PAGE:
In Levy County, some parents are grumbling about their kids being forced to ride the bus.
Students in the Focus program at Bronson Middle/High school say they’re being told their parents can no longer drop them off. The program aims to help students with learning and behavioral issues.
Those parents say they’ve suddenly been told their students must always use the bus or face suspension.
The school holds a student population of just over 550 students. A small number now attend the Focus program started at the end of last school year.
Although school district officials say parents signed a contract agreeing to the terms of the program, parents say they were caught off-guard by a change in December.
“My son went to school,” parent Mary Byrd said. “He comes home saying… ‘He told me and three other students if we got dropped off tomorrow, we will be suspended.'”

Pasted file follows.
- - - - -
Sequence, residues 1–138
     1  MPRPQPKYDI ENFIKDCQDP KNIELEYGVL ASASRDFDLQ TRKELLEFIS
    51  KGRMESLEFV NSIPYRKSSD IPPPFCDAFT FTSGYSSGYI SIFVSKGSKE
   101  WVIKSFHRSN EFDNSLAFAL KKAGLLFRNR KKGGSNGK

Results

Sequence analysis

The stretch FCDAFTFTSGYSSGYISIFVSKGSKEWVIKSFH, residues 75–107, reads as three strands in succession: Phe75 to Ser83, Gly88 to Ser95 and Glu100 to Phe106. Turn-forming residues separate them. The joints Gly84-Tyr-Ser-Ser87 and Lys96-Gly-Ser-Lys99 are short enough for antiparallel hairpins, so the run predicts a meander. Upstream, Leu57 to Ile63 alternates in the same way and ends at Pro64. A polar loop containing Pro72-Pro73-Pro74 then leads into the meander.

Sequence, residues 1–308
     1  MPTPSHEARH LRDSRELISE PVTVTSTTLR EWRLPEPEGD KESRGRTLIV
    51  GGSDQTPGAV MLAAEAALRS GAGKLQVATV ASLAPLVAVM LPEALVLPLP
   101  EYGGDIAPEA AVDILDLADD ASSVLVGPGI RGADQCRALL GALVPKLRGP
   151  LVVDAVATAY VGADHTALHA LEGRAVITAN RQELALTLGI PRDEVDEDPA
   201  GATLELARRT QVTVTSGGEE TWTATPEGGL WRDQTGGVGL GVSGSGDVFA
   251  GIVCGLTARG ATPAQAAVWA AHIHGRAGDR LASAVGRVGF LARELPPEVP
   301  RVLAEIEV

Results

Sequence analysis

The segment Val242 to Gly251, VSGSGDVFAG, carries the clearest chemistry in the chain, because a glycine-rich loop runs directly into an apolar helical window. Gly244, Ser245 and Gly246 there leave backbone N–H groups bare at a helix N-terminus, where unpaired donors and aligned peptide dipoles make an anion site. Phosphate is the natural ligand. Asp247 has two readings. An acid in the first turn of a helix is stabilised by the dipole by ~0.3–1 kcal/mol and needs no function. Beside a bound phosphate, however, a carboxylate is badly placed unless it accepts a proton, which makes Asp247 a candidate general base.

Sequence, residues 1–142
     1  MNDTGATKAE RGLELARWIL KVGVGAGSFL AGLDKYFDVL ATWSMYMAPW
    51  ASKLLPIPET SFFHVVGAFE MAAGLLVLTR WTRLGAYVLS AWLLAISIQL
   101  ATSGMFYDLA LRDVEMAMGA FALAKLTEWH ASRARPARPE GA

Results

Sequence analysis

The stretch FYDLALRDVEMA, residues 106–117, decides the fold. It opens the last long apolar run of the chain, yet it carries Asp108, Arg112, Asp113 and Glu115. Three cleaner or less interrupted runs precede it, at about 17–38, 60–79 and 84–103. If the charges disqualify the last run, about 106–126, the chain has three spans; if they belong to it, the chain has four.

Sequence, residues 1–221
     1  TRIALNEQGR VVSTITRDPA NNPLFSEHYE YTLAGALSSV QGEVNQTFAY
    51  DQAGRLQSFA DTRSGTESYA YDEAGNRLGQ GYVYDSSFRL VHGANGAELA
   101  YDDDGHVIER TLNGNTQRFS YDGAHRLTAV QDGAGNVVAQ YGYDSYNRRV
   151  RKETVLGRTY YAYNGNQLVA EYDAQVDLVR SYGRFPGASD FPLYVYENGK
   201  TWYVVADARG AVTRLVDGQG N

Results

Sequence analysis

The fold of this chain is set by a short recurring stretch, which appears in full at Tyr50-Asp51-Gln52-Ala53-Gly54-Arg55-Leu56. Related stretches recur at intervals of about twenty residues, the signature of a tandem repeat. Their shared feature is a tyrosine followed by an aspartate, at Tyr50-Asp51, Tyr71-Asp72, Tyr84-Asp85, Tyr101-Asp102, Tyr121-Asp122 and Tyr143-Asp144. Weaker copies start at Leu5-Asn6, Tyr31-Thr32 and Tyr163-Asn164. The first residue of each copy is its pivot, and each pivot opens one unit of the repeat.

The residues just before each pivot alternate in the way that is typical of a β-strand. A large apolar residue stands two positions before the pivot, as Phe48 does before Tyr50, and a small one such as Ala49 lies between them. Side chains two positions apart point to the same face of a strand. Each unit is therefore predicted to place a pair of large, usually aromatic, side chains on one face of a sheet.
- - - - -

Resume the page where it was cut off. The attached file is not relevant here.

Documents from Levy County’s district transportation services cites that it shouldn’t take more than an hour to get to and from school.
Parents of Focus program students say their kids are on the bus for two and a half hours leading up to the school day’s opening bell.
Apart from the inconvenience to families, there are also concerns about restrictions during the school day.
“They send the kids to the program, and the kids are kind of treated like prisoners without bars,” Regina Jones, the aunt of one student, said. “I mean, they apparently stay in this room all day, they have their lunch brought to them, there’s no physical activity, exercise outside the room, they don’t see daylight.”
Byrd said she never received a contract for the program, and no one mentioned that a strict bus policy was in the works.
“And then when you call the school board and say why weren’t we — as parents — notified about this new policy, their story is, ‘Well, it’s been this way since day one.”
The principal and an assistant district superintendent declined interviews. John Lott, an assistant superintendent, did say the rule only applies to the Focus program.